I have been absent for awhile. It has had to do with a number of things…moving, Ryan’s cancer, Shawn’s achievements, general busyness, a few depressing attempts to write, and the fact that I have not built up the audience I would like for this blog. So I quit. But I’m ready to start again. We will see where it takes us.
Being the parent of a special needs child is difficult. Being the parent of a child with a chronic life-threatening illness is difficult. Being a single parent is difficult, and being a parent with anxiety, depression, PTSD and chronic pain is difficult. Being all of the above at once…well, if there is a word to describe that, my picture will be under it.
I want to talk today about labels. When someone asks me to describe Ryan, the first words out of my mouth usually have to do with either the Down Syndrome or the Leukemia. If you ask the people in his life to describe him, they start out with a description of the child himself, minus the labels. So I thought that today we could address why this happens.
It happens because parents of special needs children bear the brunt of the diagnoses. We administer medication. We sit in the doctor’s offices and hospitals. We sit across the table form our child’s teachers and discuss our child’s disability and all the things they still can’t do. We cart them to speech therapy and occupational therapy and counseling and physical therapy. We push the wheelchair. We feed through NG tubes. We connect and disconnect IV lines. We are entrenched. Our daily lives revolve around our child’s needs. In my case, I can’t work, don’t have a social life, my only time with other adults is church or the hospital.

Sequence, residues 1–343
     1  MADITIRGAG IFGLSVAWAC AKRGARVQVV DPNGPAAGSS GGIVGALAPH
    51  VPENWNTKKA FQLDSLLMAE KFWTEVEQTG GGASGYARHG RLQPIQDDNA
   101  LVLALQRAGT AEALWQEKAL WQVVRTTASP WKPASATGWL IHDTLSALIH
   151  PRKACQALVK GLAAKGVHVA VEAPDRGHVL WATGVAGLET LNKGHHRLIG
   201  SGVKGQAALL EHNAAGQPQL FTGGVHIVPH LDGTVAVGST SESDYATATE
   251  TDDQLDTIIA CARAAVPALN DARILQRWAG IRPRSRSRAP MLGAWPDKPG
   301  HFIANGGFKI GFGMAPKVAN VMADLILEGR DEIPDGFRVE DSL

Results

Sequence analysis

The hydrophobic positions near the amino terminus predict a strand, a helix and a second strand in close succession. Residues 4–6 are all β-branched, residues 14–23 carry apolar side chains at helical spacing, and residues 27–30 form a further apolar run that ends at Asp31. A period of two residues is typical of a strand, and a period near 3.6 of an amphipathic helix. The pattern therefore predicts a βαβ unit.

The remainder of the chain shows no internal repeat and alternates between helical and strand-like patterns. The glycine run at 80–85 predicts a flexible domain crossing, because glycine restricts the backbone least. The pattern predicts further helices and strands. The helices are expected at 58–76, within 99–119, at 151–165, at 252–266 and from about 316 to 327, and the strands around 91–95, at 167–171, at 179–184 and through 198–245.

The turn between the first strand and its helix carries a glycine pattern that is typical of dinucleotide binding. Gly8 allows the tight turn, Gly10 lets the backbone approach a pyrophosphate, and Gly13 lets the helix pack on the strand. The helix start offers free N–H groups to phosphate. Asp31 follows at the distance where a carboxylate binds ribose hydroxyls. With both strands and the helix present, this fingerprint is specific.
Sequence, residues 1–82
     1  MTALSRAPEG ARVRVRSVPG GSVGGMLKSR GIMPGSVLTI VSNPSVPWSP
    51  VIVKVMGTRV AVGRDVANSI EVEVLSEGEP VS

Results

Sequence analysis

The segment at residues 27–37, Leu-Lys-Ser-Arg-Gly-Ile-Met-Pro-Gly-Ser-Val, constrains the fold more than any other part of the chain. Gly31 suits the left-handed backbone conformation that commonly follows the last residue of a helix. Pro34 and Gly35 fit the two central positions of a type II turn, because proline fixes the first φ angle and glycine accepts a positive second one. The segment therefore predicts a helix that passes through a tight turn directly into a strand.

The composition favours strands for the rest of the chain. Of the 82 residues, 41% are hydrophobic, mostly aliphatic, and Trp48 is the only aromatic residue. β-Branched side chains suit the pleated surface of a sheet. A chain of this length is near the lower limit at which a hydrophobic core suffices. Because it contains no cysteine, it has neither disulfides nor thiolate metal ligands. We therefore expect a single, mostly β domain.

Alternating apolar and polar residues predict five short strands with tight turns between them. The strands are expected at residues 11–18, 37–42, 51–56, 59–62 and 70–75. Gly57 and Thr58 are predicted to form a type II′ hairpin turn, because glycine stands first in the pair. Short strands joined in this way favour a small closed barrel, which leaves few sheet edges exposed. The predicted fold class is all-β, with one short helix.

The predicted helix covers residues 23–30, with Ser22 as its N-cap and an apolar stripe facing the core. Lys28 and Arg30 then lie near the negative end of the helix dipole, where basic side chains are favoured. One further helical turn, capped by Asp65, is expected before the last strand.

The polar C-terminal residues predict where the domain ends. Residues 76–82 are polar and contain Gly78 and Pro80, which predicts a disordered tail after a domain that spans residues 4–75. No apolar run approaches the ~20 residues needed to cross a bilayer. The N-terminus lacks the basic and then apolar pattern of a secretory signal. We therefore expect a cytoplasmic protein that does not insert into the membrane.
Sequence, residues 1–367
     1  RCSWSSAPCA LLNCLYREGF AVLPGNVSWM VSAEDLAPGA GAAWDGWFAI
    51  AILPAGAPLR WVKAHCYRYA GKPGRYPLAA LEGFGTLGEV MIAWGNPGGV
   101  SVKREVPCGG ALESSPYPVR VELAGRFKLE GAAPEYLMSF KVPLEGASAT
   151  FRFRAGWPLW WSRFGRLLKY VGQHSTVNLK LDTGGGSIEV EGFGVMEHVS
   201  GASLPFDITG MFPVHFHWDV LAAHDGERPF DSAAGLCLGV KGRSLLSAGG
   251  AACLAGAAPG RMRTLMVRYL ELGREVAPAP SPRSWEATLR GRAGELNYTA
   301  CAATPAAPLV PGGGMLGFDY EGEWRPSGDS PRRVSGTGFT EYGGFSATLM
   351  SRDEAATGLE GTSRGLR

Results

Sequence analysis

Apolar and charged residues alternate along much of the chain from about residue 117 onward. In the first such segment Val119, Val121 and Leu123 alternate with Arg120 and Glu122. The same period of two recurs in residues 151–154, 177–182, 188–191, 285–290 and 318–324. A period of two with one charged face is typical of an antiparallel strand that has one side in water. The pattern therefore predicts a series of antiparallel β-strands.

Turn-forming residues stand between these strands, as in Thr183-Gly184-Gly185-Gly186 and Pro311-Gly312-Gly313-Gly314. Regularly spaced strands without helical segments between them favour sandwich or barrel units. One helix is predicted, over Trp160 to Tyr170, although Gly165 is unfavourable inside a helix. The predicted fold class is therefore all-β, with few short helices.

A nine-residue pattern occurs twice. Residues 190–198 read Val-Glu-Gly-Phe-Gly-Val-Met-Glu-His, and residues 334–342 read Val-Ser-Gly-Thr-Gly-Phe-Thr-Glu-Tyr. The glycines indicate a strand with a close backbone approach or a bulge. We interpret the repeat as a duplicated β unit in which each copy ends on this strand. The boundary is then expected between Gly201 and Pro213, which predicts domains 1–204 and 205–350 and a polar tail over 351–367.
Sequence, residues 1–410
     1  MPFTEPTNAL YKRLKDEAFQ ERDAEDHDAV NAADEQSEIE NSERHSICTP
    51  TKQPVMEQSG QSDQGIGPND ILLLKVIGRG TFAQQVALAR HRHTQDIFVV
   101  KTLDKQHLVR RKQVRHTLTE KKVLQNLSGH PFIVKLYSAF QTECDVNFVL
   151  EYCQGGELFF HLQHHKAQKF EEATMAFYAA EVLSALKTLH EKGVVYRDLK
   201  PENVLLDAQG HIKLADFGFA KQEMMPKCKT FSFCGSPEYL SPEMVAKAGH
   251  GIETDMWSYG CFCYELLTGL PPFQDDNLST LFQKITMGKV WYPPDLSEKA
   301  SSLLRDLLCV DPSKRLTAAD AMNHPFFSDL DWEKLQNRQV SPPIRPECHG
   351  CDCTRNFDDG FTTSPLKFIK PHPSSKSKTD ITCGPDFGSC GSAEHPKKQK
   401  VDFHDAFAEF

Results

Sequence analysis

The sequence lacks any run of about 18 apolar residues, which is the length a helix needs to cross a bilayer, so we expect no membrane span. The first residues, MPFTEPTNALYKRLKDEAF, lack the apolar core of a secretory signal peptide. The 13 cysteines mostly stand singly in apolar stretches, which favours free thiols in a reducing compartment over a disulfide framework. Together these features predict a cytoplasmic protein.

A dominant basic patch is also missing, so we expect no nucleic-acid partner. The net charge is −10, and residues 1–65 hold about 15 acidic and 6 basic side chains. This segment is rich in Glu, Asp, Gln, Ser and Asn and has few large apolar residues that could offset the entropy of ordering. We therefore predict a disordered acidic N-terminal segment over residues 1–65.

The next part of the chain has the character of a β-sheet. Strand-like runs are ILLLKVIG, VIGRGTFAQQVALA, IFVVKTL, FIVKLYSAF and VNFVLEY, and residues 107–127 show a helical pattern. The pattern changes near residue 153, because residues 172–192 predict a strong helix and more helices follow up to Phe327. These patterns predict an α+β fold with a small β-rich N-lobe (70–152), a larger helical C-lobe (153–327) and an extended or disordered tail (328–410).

So when someone asks me about Ryan, I tell them the things that are second nature. My answer might go like this:
Ryan is eleven. He has Down Syndrome and Recurrent Leukemia. His immune system is compromised, he has peripheral neuropathy and transfusional hemochromatosis and methotrexate induced leukoencephalopathy. He has a substance induced (steroids being the substance) mood disorder and anxiety and ADHD. By this time, the person who JUST WANTED AN IDEA OF WHAT TO GET RYAN FOR CHRISTMAS, FOR CRYING OUT LOUD , has tuned out. Along with not knowing what 97% of those words mean, it wasn’t what they wanted to know anyway.
Instead, this is what I should be saying: Ryan is eleven. He is the most loving child I have ever met. He loves music and singing and dancing. He loves to play basketball and soccer, and he is besotted with his dog. He enjoys telling knock knock jokes and the fact that he has no idea what he is talking about just makes them funnier. He likes to play animal sound guessing games when we are in the car for long periods of time. He likes the Wiggles, Sesame Street, wrestling and Steve Harvey. If you want a hug, he’s your guy. Ryan blesses the lives of everyone he touches.
It’s hard for parents to see beyond the labels sometimes, hard to switch from just surviving to true enjoyment of all the wonderful things that make your child a treasure.
Don’t overlook that, y’all. Don’t do what I do and present your child as simply a sum of diagnoses. He or she is so, so much more than that!!!